Fast Facts on Retirement Insecurity
Are People Ready for Retirement?
- Each generation is projected to retire poorer than the last: 55% of young workers age 25-44 have projected retirement incomes below 200% of the federal poverty level (a commonly used threshold for economic hardship), compared to 39% of workers age 45-54 and 33% of workers age 55-641.
- Among households age 55 and older, nearly one-third have no retirement savings or pension assets2.
- The median retirement assets for all working households ages 25-64 is just $3,0003.
Access to Workplace Retirement Savings Plans
- 7.5 million private-sector workers in California (about 57%) lack access to a workplace retirement plan (includes both full- and part-time workers)4.
- Access to workplace retirement plans makes individuals with incomes between $30k and $50k fifteen times more likely to save for retirement5.
Benefits of CalSavers
- Almost 40% of CalSavers participants could delay claiming Social Security by a year or more, increasing their monthly benefit7.
- Young workers earning the bottom 50% of wages in their age cohort could increase their retirement incomes by roughly half as a result of the state’s new minimum wage law and participation in CalSavers8.
Retirement Insecurity by Race & Ethnicity
- In California, 68% (3.5 million) of Latino workers, 50.5% (936,882) of Asian workers and over half of African American workers ages 18-64 lack access to a workplace retirement plan9.
- The median retirement account balance of all working Latinos age 21-64 is $010.
- About 75% of Black households ages 25-64 have less than $10,000 in retirement savings11.
Women and Retirement
- 58% (3.4 million) of female workers in California between the ages of 18-64 are not covered by workplace retirement savings plans12.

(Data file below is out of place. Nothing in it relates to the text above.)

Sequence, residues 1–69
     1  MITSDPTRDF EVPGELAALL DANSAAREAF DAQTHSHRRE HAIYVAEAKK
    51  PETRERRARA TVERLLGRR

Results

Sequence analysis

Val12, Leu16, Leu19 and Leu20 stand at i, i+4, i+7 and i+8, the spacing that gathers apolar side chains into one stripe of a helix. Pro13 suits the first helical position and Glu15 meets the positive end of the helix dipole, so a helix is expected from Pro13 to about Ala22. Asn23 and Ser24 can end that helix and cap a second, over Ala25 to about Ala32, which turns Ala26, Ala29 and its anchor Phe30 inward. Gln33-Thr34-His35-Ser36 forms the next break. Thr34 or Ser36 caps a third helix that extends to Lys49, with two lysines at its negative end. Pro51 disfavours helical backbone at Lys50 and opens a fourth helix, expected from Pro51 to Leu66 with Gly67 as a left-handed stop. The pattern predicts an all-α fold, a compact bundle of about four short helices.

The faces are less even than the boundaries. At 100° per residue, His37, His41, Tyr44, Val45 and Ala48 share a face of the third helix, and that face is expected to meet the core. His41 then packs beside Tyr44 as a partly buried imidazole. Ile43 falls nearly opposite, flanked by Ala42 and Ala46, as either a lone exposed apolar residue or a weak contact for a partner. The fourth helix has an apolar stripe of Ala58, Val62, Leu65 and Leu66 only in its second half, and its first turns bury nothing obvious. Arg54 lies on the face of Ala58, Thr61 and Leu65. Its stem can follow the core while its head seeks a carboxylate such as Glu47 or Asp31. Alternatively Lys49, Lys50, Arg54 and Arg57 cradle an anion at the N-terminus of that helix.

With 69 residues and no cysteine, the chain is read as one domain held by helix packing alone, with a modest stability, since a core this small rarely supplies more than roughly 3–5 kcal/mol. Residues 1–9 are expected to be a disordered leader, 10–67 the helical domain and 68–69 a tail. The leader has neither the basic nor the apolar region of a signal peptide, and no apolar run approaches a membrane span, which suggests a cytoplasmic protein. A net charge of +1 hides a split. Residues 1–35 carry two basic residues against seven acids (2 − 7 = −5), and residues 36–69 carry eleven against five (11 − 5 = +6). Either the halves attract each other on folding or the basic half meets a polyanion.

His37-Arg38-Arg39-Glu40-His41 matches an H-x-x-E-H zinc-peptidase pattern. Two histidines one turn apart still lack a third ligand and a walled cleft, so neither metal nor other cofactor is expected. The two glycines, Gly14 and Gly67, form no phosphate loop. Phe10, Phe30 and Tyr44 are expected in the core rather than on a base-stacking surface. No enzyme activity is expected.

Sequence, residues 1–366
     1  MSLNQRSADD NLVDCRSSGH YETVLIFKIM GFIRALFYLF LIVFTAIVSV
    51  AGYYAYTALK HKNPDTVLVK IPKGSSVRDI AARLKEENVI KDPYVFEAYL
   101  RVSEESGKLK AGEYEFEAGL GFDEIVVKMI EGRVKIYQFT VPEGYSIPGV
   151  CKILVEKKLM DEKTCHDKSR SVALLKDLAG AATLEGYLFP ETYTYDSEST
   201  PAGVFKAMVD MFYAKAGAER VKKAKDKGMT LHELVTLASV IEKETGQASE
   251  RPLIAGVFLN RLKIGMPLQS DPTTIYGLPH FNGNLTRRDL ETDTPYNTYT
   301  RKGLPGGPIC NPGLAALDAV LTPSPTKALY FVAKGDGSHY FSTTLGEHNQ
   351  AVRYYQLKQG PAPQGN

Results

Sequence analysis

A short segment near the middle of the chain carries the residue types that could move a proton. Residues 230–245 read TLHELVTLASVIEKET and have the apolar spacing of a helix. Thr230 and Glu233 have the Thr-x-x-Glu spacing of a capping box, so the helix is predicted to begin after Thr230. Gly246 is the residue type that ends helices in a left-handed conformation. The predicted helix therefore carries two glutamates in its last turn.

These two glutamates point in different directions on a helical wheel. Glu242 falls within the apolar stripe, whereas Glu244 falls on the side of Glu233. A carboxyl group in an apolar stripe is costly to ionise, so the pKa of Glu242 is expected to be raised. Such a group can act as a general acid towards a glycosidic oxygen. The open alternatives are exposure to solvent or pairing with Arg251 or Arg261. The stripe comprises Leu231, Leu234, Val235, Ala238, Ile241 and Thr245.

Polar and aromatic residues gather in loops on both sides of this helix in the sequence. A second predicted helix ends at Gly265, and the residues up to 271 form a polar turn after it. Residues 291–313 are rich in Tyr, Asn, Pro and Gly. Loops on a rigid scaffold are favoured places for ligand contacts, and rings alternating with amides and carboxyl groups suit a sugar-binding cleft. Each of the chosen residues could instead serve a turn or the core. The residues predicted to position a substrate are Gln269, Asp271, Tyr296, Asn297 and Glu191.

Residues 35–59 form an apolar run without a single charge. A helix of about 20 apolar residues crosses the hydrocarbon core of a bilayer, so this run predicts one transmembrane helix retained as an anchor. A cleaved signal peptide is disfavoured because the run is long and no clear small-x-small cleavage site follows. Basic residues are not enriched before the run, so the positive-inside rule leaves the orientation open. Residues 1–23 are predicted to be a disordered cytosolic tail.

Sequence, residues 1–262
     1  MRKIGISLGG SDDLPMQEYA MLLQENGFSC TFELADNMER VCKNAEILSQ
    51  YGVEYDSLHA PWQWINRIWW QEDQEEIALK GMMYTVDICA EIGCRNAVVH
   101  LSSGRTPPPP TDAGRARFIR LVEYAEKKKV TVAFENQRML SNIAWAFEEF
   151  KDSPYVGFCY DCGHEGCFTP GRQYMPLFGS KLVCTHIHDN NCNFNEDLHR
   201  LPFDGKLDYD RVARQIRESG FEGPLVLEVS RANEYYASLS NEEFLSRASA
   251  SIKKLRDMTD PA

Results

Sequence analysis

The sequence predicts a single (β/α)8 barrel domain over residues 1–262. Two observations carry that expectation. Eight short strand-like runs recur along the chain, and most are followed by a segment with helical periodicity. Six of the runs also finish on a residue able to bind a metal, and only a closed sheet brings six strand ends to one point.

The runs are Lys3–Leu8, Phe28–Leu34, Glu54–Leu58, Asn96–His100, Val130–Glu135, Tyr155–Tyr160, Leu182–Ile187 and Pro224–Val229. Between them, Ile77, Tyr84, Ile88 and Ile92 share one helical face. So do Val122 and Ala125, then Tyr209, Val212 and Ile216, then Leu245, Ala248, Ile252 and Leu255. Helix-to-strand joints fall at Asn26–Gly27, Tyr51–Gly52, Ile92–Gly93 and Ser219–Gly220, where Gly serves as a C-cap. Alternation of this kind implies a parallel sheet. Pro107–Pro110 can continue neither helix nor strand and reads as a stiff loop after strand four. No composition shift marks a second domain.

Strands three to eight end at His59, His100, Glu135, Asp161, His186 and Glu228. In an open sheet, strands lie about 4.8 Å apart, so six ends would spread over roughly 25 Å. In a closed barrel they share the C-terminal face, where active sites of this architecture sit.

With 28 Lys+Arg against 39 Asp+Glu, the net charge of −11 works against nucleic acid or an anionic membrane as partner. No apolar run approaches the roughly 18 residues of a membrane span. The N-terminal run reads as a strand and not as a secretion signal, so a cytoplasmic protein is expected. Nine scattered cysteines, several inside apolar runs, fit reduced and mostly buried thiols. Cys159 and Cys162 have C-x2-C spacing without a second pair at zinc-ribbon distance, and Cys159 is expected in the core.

- Women are 80% more likely than men to live in poverty in retirement13.
Young People and Retirement
- Two-thirds (66.2%) of working Millennials have nothing saved for retirement14.
- Over half of workers age 25-44 have projected retirement incomes below 200% of the federal poverty level (a commonly used threshold for serious economic hardship)15.
- Almost 65% (3.5 million) of California workers between the ages of 18-34 are not covered by a workplace retirement plan16.
- 1Allegretto, S.A., Rhee, N., et. al., (2011),California Workers' Retirement Prospects in N. Rhee’s Meeting California's Retirement Security Challenge, U.C. Berkeley Center for Labor Research and Education
- 2U.S. Government Accountability Office, (September 2015), Federal action could help state efforts to expand private sector coverage
- 3U.S. Government Accountability Office, (May 2016), Low defined contribution savings may pose challenges
- 4John, D. and Koenig, G., (2015), Workplace Retirement Plans Will Help Workers Build Economic Security, AARP Public Policy Institute
- 5Employee Benefit Research Institute, Unpublished estimates of the 2004 Survey of Income and Program Participation Wave 7 Topical Module (2006 data)
- 7The Pew Charitable Trusts, (March 2018), Auto-IRAs could help retirees boost Social Security Payments
- 8Rhee, N., (December 2017), “California's $15 minimum wage and Secure Choice Retirement Savings Program can boost young low-income workers' retirement income by 50%, UC Berkeley Labor Center
- 9Supra note 4
- 10Brown, J. & Oakley, D., (November 2018), Latinos' Retirement Insecurity in the United States, National Institute on Retirement Security (NIRS) & UnidosUS
- 11Rhee, N., (December 2018), Race and Retirement Insecurity in the United States, NIRS
- 12Supra note 4
- 13Brown, J., Rhee, N., Saad-Lessler, J., Oakley, D., (March 2016), Shortchanged in Retirement, NIRS
- 14Brown, J. (February 2018), Millenials and Retirement: Already Falling Short, NIRS
- 15Supra note 1
- 16Supra note 4